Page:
Razor Blade Planes: Tips on Using Them to Pare Leather

In part one of this blog post, I presented an overview of a variety of razor blade planes. Here, guest blogger Eric Alstrom will share some tips for using these planes to pare bookbinding leather.

Eric Alstrom received his MILS in 1989 at the University of Michigan School of Information and Library Studies. After graduation, he apprenticed under James Craven at the University of Michigan’s Bentley Historical Library for four years. He later became Ohio University Library’s Collections Conservator. In 1998, Eric moved to New England to become Dartmouth College’s first book conservator. Currently, Eric is Head of Conservation at Michigan State University Libraries’ Wallace Conservation Laboratory. Eric also teaches binding and book arts at regional workshops. While at Dartmouth he expanded the popular Book Arts Workshop, which had focused solely on printing, into binding and artists books. He now teaches book arts and binding for the MSU Residential College for the Arts and Humanities. His design bindings and artists books have been exhibited both nationally and internationally. Eric has been a member of the Guild of Book Workers since 1993, has served on the board of directors since 2002. To view some of Eric’s design bindings, artists books and conservation work, please visit http://webalstrom.ftml.net/bookworks

  The Wil-Kro razor blade plane.

I was first introduced to the Little Giant when I was serving my apprenticeship with James Craven at the Bentley Historical Library at the University of Michigan. He had a Little Giant and showed me how useful it was for paring leather As I remember (and it has been many years ago), Jim did all his paring with either his paring knife or the Little Giant. In fact, I don’t remember Jim ever using a spokeshave while I was apprenticing with him and the early model Scharfix was rarely used. In the years since my apprenticeship, I have always looked for a Little Giant and garage sales, antique shops and the such. I never was able to find one and adapted my paring technique to include a balsa wood plane (a plane similar to the Little Giant, but made of plastic, rather than metal with a proprietary blade, not a standard razor blade), a spokeshave, and of course my trusty English paring knife.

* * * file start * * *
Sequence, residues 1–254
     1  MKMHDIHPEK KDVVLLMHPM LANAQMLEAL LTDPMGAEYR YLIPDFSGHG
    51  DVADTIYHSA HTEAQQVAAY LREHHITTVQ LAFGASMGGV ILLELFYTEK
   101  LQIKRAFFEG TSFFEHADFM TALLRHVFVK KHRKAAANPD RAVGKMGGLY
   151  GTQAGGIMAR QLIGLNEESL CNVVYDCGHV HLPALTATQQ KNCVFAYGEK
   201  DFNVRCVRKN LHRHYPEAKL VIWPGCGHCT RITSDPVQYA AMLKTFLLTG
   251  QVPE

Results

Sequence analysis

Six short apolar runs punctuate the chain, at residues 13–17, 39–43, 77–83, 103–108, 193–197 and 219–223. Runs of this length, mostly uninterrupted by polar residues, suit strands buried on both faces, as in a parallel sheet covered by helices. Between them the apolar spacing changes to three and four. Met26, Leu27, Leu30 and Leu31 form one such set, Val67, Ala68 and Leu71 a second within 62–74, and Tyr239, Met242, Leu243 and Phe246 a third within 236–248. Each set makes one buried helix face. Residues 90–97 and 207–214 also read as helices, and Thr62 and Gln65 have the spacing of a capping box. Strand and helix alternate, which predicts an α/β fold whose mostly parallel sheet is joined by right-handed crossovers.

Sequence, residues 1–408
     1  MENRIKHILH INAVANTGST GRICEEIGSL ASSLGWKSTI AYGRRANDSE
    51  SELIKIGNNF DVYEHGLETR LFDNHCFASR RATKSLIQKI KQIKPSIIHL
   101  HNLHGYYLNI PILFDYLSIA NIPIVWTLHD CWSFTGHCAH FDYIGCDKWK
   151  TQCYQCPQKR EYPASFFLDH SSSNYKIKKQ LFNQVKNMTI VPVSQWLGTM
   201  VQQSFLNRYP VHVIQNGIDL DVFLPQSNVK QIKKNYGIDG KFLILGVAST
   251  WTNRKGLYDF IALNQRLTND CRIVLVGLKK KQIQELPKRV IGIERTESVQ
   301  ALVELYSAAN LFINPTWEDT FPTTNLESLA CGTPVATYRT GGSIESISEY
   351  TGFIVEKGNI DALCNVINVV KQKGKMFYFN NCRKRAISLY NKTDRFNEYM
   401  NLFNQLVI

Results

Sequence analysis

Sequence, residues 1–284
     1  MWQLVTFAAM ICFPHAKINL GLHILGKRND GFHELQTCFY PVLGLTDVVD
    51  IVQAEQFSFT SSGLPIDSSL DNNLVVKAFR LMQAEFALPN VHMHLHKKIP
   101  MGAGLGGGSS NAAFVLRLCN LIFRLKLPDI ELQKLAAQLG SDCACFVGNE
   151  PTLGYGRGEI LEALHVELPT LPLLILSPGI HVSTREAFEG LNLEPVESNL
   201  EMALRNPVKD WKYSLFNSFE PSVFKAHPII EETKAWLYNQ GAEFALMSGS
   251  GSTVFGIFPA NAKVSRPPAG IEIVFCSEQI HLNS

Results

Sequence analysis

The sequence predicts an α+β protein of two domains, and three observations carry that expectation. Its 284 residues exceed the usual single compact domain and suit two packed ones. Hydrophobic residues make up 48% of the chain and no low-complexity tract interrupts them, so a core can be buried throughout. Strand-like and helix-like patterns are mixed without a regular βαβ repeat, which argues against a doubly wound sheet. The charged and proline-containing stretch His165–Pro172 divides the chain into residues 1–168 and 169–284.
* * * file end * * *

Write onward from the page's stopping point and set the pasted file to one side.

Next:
After a conversation with Jeff Peachey at the Tucson GBW Standards in 2010, he said he ran across these from time to time. I asked him to let me know when he next found one because I would gladly buy it. Fortunately, he found one rather quickly and I have been happily paring away since. What he actually found was a Wil-Kro model, which from what I can tell is pretty much identical to the Little Giant. The Wil-Kro can be assembled with the front base shortened, which may be useful for planing curved wood, but it is not suited for leather paring.

.The Wil-Kro razor blade plane taken apart, showing the blade assembly. Note the curved blade bed.

I immediately started paring with my Wil-Kro as soon as I got it; I have not modified it at all. A razor blade fits over a screw and onto a ridge so it is held exactly in the same place. The front of the plane that clamps the blade is curved so the blade has a very shallow angle. The blade protrudes evenly beyond the base about .008”, or just under the thickness of three pieces of .003” thick mylar.

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The blade extends about .008″, roughly the thickness of heavyweight paper.